Narratives recounting the participants’ lived experiences in the socio-cultural context of high school provide powerful examples of youth asserting personal agency and engaging in small acts of resistance to contest disagreeable positioning. The findings thus support the conceptualization of youth as creative producers of hybridity in response to their environments. This work also confirms the perennial significance of social categories and “othering” in high school. Though the institutional structure of separate classrooms and concomitant limited access to required courses hinder the study participants’ academic progress, the youth speak positively about the comfort of comradery and friendship in the shared safe space of the separate SEI classroom. The dissertation concludes with participants’ recommendations for educators, and the people refugee youth interact with in the context of high school, to improve refugee youth’s experience.

Contributors

Agent

Created

Date Created
  • 2016

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Doralzuelan: An emerging identity of the Venezuelan immigrant in southern Florida

Description

The steady influx of Venezuelan immigrants to the United States has resulted in the creation of a close-knit community of these immigrants in the city of Doral, Florida, now nicknamed

The steady influx of Venezuelan immigrants to the United States has resulted in the creation of a close-knit community of these immigrants in the city of Doral, Florida, now nicknamed Doralzuela given the strong imprint Venezuelan have left in this city. This study aimed at gaining understanding on how the process of immigration and settlement in the context has affected Venezuelan immigrants’ identity, their perception and use of English and Spanish in daily interactions, and how, or if, their bonds with the home country has affected their incorporation to the host society. The study followed a qualitative design. Eight semi-structured interviews were conducted and analyzed following Riessman’s (2008) notion of dialogic narrative analysis. Six themes emerged from the data; (re)configuration of the self, the role of social networks, negotiating identity through language, issues of assimilation, transnational identity, and Doralzuela, the new Venezuela. These themes were discussed, and multiple and distinct views on each theme were identified.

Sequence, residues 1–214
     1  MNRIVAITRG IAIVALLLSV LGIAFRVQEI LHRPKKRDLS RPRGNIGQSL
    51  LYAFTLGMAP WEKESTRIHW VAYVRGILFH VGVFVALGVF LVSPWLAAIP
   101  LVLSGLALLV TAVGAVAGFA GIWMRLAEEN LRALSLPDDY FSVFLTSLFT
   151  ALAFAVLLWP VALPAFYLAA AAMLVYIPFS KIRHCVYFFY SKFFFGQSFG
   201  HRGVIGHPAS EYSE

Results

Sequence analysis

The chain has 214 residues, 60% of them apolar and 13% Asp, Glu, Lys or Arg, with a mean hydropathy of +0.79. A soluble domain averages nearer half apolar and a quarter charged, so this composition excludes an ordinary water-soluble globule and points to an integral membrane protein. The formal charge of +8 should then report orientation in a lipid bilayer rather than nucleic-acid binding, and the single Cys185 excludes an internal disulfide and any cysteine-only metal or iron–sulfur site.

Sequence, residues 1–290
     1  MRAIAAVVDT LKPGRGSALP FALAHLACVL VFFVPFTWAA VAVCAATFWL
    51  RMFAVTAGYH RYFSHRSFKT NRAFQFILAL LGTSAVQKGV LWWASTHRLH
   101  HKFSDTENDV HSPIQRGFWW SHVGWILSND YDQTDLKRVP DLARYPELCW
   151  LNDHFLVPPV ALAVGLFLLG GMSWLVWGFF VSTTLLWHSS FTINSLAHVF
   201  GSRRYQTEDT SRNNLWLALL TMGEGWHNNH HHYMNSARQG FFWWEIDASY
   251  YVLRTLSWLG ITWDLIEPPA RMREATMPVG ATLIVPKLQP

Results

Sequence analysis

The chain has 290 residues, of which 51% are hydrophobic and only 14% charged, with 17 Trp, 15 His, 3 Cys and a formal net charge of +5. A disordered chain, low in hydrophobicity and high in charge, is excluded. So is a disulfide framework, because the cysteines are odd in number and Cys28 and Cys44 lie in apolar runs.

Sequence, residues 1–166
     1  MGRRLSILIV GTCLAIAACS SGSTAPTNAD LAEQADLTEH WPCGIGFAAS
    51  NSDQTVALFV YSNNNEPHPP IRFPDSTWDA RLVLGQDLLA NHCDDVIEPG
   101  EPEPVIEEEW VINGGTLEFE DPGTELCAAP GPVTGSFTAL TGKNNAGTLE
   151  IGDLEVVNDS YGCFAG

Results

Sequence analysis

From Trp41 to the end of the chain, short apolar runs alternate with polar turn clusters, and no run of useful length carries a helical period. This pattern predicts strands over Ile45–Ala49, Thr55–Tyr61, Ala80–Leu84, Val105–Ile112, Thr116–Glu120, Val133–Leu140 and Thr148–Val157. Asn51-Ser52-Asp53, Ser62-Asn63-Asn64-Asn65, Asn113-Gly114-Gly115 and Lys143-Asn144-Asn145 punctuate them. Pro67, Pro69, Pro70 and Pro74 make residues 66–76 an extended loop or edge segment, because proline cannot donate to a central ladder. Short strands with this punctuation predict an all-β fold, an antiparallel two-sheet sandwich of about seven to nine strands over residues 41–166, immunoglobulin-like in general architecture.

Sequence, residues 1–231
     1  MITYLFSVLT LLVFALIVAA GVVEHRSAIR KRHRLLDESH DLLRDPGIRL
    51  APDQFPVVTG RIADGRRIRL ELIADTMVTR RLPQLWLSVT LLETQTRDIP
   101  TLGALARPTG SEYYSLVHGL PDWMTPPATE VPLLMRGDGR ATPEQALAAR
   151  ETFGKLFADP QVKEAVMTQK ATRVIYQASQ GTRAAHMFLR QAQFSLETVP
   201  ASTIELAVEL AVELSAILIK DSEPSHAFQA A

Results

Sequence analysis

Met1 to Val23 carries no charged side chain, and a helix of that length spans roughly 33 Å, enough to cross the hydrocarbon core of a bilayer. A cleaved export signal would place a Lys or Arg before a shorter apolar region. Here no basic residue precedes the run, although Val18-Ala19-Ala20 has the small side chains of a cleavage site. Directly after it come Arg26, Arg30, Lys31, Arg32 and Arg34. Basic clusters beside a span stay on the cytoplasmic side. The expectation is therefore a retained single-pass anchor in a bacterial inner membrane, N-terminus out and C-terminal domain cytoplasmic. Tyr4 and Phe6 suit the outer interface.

Contributors

Agent

Created

Date Created
  • 2018

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Factors contributing to successful high school completion for resettled refugee students in Arizona: student and mentor perspectives

Description

Given the surge of immigrant and resettled refugee student enrollment in public schools, a strong understanding of the transition process for these students and their families and facilitating the creation

Given the surge of immigrant and resettled refugee student enrollment in public schools, a strong understanding of the transition process for these students and their families and facilitating the creation of effective schooling contexts are major educational priorities. It is critical to determine how to best support and assist resettled refugee students in academic and other endeavors. This study seeks to better understand the perspectives of resettled refugee students who are recent high school graduates and their mentors in order to contribute practical insights into resettled refugee education and to give voice to these students. Informed by sociocultural theories as reflected in the works of Daniels, Cole and Wertsch, (2007) and others, twelve resettled refugees from Bhutan, Iraq and Burma (aka Myanmar) and ten mentors participated in individual interview sessions and focus group discussions. The study took place in Arizona. The participants' responses were audio-recorded, transcribed, interpreted, coded, and categorized into themes. Study findings suggested that: resettled refugee students struggled with adjusting to their new school system. They were marginalized and faced discrimination and suffered low teacher expectations. They were placed in English language classes that they felt were not beneficial to them; and almost all attended inner city urban schools in areas with a high poverty concentration characterized by gang and drug activities that further adversely affected their performances. Against the odds, with the help of their mentors, striving for a better life, commitment to family, and resilience, the study participants were able to not only complete their high school education on time but earned impressive grade point averages of between 3.5 to 4.2 that helped five of them win scholarships to four-year colleges.

Contributors

Agent

Created

Date Created
  • 2012